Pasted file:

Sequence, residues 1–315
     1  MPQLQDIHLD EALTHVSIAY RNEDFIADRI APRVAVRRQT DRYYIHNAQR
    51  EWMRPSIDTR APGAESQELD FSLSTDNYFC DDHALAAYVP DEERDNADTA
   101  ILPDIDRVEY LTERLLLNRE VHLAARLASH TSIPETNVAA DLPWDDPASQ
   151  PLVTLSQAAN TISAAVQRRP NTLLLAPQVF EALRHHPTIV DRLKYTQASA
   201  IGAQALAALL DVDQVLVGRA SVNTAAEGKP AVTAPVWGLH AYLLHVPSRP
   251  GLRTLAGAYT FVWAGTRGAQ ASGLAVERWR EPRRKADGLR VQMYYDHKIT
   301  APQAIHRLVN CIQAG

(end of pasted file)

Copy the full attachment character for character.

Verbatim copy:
Sequence, residues 1–315
     1  MPQLQDIHLD EALTHVSIAY RNEDFIADRI APRVAVRRQT DRYYIHNAQR
    51  EWMRPSIDTR APGAESQELD FSLSTDNYFC DDHALAAYVP DEERDNADTA
   101  ILPDIDRVEY LTERLLLNRE VHLAARLASH TSIPETNVAA DLPWDDPASQ
   151  PLVTLSQAAN TISAAVQRRP NTLLLAPQVF EALRHHPTIV DRLKYTQASA
   201  IGAQALAALL DVDQVLVGRA SVNTAAEGKP AVTAPVWGLH AYLLHVPSRP
   251  GLRTLAGAYT FVWAGTRGAQ ASGLAVERWR EPRRKADGLR VQMYYDHKIT
   301  APQAIHRLVN CIQAG